Repsol's marketing operations can be traced to Campsa, which was established in the 1920s as the Cia Arrendataria del Monopolio de Petroleos SA to act as the national Spanish petrol distribution monopoly. After Spain's accession to the European Community, the Government was required to break up the monopoly and in 1992 opened up the downstream petrol markets to competition. Repsol was formed by the state in 1987 to acquire the refining and upstream oil activities previously owned by the Government's INH (Instituto Nacional de Hidrocarburos); it took its name from a lubricant brand marketed by REPESA (Refinería de Petróleos de Escombreras). As the Campsa marketing was broken up, Repsol ended up with a majority of the assets and continues to operate Campsa as a secondary brand. As part of the splitting up of the old monopoly a number of new petrol brands came onto the scene; of these Petronor was also acquired by Repsol.
Repsol has expanded rapidly in South America, first by acquiring the Astra company in Argentina which participated in the Eg3 branded service stations. It also controls an oil refinery and 640 stations in Peru. In 1999 it acquired YPF, the former Argentine monopoly oil company, in an audacious bid. To overcome monopoly problems, it then swapped its Eg3 chain for a number of Brazilian service stations formerly owned by BR, but this deal backfired some years later when the Argentine government expropriated Repsol YPF in 2012.
It has grown more slowly in Europe; a small chain in Britain (partly under the Anglo brand) was owned until late 2000 and at one stage it had a few stations in SW France. Today its only non-Spanish fuel retailing in Europe is in Portugal where it added the longstanding Shell chain to its own newer network.
|Repsol only started selling its keynote guide to Spain under its own name in 2009 - previously it had still used the long established Campsa branding. The guide consists of a boxed set of 3 volumes, centred round a spiral bound atlas with over 100 pages of fold-out maps of Spain & Portugal at 1:300,000 by TeleAtlas/Nexus, with 62 town plans and almost 300 pages of hotels and restaurants. The box also holds two other books: a 300 page guide to the best Spanish wines, and a 175 page colour guide to tourist routes through selected wine growing areas. The Guia Repsol is also freely available online.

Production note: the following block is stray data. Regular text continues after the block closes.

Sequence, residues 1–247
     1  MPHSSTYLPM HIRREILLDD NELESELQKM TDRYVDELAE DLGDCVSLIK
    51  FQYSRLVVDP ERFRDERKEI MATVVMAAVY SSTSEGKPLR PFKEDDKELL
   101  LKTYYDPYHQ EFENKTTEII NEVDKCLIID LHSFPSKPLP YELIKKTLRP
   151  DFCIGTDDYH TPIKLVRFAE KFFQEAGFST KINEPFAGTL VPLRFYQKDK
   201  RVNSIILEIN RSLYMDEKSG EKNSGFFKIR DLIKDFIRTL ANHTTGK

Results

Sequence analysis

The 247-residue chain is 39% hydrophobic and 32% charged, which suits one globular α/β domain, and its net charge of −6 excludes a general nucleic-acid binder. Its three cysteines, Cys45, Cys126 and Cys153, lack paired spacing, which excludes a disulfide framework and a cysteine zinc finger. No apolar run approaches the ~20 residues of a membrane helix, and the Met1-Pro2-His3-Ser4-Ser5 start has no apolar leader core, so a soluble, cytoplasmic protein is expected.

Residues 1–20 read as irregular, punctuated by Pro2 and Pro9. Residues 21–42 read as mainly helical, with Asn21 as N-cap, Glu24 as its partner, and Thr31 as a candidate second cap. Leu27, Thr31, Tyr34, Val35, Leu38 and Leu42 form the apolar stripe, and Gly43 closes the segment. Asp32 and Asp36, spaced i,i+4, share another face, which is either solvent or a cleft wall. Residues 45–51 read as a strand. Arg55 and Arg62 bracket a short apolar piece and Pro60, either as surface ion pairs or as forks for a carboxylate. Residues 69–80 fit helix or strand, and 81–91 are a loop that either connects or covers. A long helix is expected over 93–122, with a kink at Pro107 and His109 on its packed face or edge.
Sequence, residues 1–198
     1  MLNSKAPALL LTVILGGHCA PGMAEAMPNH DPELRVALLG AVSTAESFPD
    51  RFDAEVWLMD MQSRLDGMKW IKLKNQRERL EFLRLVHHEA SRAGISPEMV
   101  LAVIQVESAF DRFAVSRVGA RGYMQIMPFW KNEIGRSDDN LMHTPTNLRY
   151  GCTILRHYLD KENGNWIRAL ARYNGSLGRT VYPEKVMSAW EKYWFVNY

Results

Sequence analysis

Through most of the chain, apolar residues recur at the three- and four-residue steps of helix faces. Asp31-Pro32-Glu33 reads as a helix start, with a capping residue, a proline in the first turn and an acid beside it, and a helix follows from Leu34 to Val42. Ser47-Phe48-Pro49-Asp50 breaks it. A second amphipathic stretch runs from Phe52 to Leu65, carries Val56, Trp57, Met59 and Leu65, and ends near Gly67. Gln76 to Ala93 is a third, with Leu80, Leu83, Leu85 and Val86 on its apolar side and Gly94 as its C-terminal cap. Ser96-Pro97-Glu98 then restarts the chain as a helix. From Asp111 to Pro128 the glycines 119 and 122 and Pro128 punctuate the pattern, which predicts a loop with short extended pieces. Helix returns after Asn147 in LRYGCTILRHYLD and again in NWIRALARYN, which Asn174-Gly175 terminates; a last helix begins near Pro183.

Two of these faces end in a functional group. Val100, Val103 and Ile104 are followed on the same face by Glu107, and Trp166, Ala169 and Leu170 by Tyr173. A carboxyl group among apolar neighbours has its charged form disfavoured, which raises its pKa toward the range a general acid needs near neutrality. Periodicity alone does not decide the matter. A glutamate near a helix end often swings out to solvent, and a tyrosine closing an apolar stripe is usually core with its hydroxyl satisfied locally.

|Although the Campsa name was used on the main guide prior to 2009, Repsol did experiment with selling regional guides under its own name around 1999-2001. These covered just two areas: Catalonia and Galicia and contained maps and text in Spanish and local languages (Catalan/Galician), and were partnered by the Petronor guide to the Basque Country shown below.
With no competing guide in Portugal, Repsol saw an opportunity to develop its own. The first one was produced for Expo '98 in Lisbon (below), but had fold out maps of Portugal by Guia Turistico do Norte. Most of the 300 page guide was given over to routes across Iberia to Lisbon, and around the city itself.
|Regular Portuguese issues followed from 2001; like the Spanish atlases they contain maps at 1:300,000 by TeleAtlas, coupled to extensive listings of hotels and restaurants. Sheet maps are less commonly seen, but Repsol Portugal published a map of Iberia at 1:1mn by Forways in 2005. All the maps shown mark Repsol service station locations.
Repsol have also become the sole oil company advertising on Automóvel Club de Portugal maps, and the country page for Portugal shows an example from 2006/07 that marks all towns with Repsol stations.
Thanks to Pedro Bessa for sourcing the Portuguese map and atlases.
No sheet maps are known from the old monopoly era. Around 1981 the Campsa Guia (guide) was started as a tall format spiral bound atlas and guide to the country, with a map section followed by a gazetteer featuring hotels and restaurants. In 1987, there were 34 folding maps to cover the country at 1:500,000, using cartography by Almax Editores.
The Campsa Guide to Spain and Repsol Guide to Portugal come with companion volumes detailing wines, and a free CD-ROM. There is now an English language on-line version of the Campsa Guide.
1992 was an important year for Spain, representing the 500th anniversary of Columbus's voyage to North America. To commemorate this event, it hosted the Olympics in Barcelona and mounted an international Expo in Sevilla. The Campsa guide included an additional book, produced in rather garish colours, giving practical information for visitors to these two cities and the European capital of culture for 1992, Madrid. It included 6 fold-out maps/plans - one for each city (lacking most street names and drawn in perspective), plus plans of the Olympic stadium, route of the Olympic torch and Expo 92 grounds.
It is not known for how many years the Guía Petronor del País Vasco en su entorno (Petronor guide to the Basque Country and its surroundings) was published, but it is thought that the 2006 edition shown here was the final edition. The guide was compiled by RBA Coleccionables, S.A. on behalf of Petronor/Repsol and included around 152 pages, including regional maps at the scale of 1:200,000.
Text and layout © Ian Byrne, 1999-2012
All original copyrights in logos and map extracts and images are acknowledged and images are included on this site for identification purposes only.